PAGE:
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Diet Help

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October 12, 2018
10 upvotes

Age 40 6'4" 245lbs (down from 283), 21% BF (Omron handheld scanner).

Unplugged in January, life is mostly good these days, It's like I've learned Kung-fu like Neo. Wife and others are responding positively to physical and attitude changes.

Physical Gainz came easily at first, I was seemingly losing fat and building muscle simultaneously just by lifting and cutting out garbage foods...for a little while (maybe 2 months or so). Noob gainz stalled & I decided to focus on eating better, losing weight. That worked for a while, though muscle gainz slowed or stalled. Weight loss has also stalled again. over the past couple of weeks. I understand that you cannot burn fat & build muscle simultaneously over the long run. Do I need to alternate between cutting weight and building muscle?

I want to be lean, not the fat guy with muscles...what is my best approach going forward - focus on cutting weight, or focus on heavy lifting & building muscle? What are the best resources available to dial in my diet and control macros? I want to make sure my diet is dialed in to optimally support me reaching my goals as efficiently as possible.


Post Information
Title Diet Help
Author ChokingDownRP
Upvotes 10
Comments 27
Date 12 October 2018 02:58 AM UTC (2 years ago)
Subreddit askMRP
Link https://theredarchive.com/post/203906
Original Link https://old.reddit.com/r/askMRP/comments/9ngmix/diet_help/
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Comments

[–]2ndalRed Beret9 points10 points  (2 children) | Copy

Don't get caught in the haze of pop culture diet mystique. It's very simple. Calorie in, calorie out. If you're not losing weight (aka fat) you're eating too many calories.

Calculate your TDEE. I prefer this calculator. For an even more accurate TDEE, use this spreadsheet which tracks your calorie intake and weight over time. Note that it takes about 3-4 weeks of accurate tracking with this spreadsheet before you get a TDEE you can trust, but assuming you track calories correctly you can count on this method to be very accurate. Ignore the exercise modifiers and calculate everything with a sedentary lifestyle, unless you're a professional athlete.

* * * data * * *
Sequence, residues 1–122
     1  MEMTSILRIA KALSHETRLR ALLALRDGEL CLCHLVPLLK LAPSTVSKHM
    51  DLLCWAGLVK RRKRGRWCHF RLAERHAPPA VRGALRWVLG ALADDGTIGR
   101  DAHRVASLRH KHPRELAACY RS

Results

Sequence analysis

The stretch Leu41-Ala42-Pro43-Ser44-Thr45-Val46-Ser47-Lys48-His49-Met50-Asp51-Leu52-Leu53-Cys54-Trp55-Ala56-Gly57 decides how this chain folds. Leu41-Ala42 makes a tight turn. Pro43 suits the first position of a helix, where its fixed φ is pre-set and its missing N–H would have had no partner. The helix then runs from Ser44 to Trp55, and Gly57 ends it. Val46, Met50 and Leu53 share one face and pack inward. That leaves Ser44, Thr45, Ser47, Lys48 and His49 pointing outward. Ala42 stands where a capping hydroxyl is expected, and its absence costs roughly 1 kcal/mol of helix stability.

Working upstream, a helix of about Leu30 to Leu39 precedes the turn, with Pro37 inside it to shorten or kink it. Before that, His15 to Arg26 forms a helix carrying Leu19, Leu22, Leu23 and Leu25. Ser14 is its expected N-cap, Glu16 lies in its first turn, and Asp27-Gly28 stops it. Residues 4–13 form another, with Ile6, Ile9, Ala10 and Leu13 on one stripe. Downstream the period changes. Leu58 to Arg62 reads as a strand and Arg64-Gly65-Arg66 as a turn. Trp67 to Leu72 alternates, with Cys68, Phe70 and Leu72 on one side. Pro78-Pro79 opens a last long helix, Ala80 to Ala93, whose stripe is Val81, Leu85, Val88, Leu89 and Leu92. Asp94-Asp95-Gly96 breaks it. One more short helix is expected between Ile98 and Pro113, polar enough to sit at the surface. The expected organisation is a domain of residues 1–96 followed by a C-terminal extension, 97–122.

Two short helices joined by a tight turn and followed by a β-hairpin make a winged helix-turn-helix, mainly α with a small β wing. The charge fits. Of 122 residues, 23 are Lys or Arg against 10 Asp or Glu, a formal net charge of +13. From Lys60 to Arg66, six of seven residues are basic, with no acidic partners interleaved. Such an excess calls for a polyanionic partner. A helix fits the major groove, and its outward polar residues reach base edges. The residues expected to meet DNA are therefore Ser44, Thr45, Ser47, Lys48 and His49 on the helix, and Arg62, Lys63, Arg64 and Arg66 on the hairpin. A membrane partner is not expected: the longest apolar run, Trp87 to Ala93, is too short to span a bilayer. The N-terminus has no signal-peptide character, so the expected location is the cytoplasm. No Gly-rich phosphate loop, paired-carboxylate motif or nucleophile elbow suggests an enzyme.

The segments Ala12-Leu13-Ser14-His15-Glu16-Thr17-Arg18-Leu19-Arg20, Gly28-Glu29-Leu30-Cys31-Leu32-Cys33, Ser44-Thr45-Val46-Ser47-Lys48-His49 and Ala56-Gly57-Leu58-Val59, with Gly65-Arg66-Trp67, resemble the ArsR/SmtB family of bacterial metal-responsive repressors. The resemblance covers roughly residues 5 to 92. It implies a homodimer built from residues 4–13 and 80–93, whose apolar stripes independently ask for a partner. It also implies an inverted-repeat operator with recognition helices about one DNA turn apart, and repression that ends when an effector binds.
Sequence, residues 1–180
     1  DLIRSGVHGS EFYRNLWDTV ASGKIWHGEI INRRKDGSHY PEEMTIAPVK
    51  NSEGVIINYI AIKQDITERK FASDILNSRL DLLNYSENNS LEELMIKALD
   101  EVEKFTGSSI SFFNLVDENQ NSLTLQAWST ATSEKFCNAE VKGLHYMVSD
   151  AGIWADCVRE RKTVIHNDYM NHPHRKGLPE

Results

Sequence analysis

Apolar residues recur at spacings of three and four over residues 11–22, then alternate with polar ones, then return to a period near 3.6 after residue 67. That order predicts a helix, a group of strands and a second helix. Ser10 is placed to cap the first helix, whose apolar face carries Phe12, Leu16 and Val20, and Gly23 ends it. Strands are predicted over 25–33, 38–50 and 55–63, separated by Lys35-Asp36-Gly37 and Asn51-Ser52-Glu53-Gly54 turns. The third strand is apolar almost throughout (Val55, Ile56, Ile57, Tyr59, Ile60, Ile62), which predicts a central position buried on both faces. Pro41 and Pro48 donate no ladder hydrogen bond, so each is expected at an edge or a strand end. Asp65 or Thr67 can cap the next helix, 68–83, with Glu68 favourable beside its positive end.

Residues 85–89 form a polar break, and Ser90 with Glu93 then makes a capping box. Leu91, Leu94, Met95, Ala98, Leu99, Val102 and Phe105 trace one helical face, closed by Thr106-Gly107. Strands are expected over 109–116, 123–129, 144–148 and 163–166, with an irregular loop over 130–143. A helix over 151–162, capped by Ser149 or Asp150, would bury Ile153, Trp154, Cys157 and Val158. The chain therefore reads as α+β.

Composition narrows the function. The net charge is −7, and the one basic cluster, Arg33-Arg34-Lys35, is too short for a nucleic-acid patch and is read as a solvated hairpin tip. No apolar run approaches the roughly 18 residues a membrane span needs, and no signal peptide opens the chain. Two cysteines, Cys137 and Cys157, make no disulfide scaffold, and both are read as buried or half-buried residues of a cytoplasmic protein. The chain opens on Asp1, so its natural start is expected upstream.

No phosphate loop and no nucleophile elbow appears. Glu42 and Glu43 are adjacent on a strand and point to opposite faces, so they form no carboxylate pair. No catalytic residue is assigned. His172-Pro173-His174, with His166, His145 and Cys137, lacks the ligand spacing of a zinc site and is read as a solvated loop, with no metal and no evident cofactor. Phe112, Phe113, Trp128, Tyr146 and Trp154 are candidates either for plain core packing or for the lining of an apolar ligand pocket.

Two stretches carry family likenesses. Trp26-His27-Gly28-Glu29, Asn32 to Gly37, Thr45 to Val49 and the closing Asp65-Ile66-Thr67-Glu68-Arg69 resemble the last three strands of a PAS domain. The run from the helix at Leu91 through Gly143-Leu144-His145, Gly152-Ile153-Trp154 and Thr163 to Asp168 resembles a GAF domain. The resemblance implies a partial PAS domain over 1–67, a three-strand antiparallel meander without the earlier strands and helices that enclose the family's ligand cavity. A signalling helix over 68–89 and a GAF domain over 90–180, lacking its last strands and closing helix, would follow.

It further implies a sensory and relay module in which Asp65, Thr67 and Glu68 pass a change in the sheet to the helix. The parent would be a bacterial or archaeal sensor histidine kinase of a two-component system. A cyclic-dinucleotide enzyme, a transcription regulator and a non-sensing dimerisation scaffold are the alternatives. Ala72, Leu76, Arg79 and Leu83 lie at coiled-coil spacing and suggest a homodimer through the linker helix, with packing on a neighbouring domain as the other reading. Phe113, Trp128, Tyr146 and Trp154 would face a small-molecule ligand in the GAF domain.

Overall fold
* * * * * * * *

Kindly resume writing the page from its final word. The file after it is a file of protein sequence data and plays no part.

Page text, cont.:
Once you know your TDEE, eat at a deficit. Yes, your muscle and strength gains might suffer, but your goal should be to maintain there, not gain, during a cut.

Your first chunk of weight loss might take a while if you're continuing to lift at maintenance because you could be still building muscle. But push through that and eventually muscle gain will level out in accordance to your caloric intake and your scale numbers will drop along with your body fat.

Also don't rely solely on the scale to gauge success. Measure your body with a measuring tape in all of the right places and track that over time, too. (I suggest the Navy method of body fat calculation.) You will notice that often your weight changes little while your body geometry does significantly. Before, during, and after pictures help as well.

Track your daily caloric intake on a week-by-week basis. For example if your TDEE is 1700, and you're looking to cut a pound of fat per week, you're going to want to eat 1200 calories a day or 8400 per week. (That's a 500 calorie deficit per day, or 3500 per week: the same amount as a pound of fat.) Tracking the daily intake over the week nets you better insight into caloric averages and helps you regulate your daily input based on weekly progress.

It's also important to recalculate your TDEE on a semi-regular basis. This is because when you lose weight, your body expends less energy at a resting state, therefore you need less calories, which means you will lose weight at a slower rate unless you adjust your intake in accordance with your lower weight and lower TDEE.

If you're not losing weight it means you're eating too much. This is usually because of one of two reasons: 1) Your calculated TDEE is incorrect or 2) you're not weighing and tracking everything you eat correctly.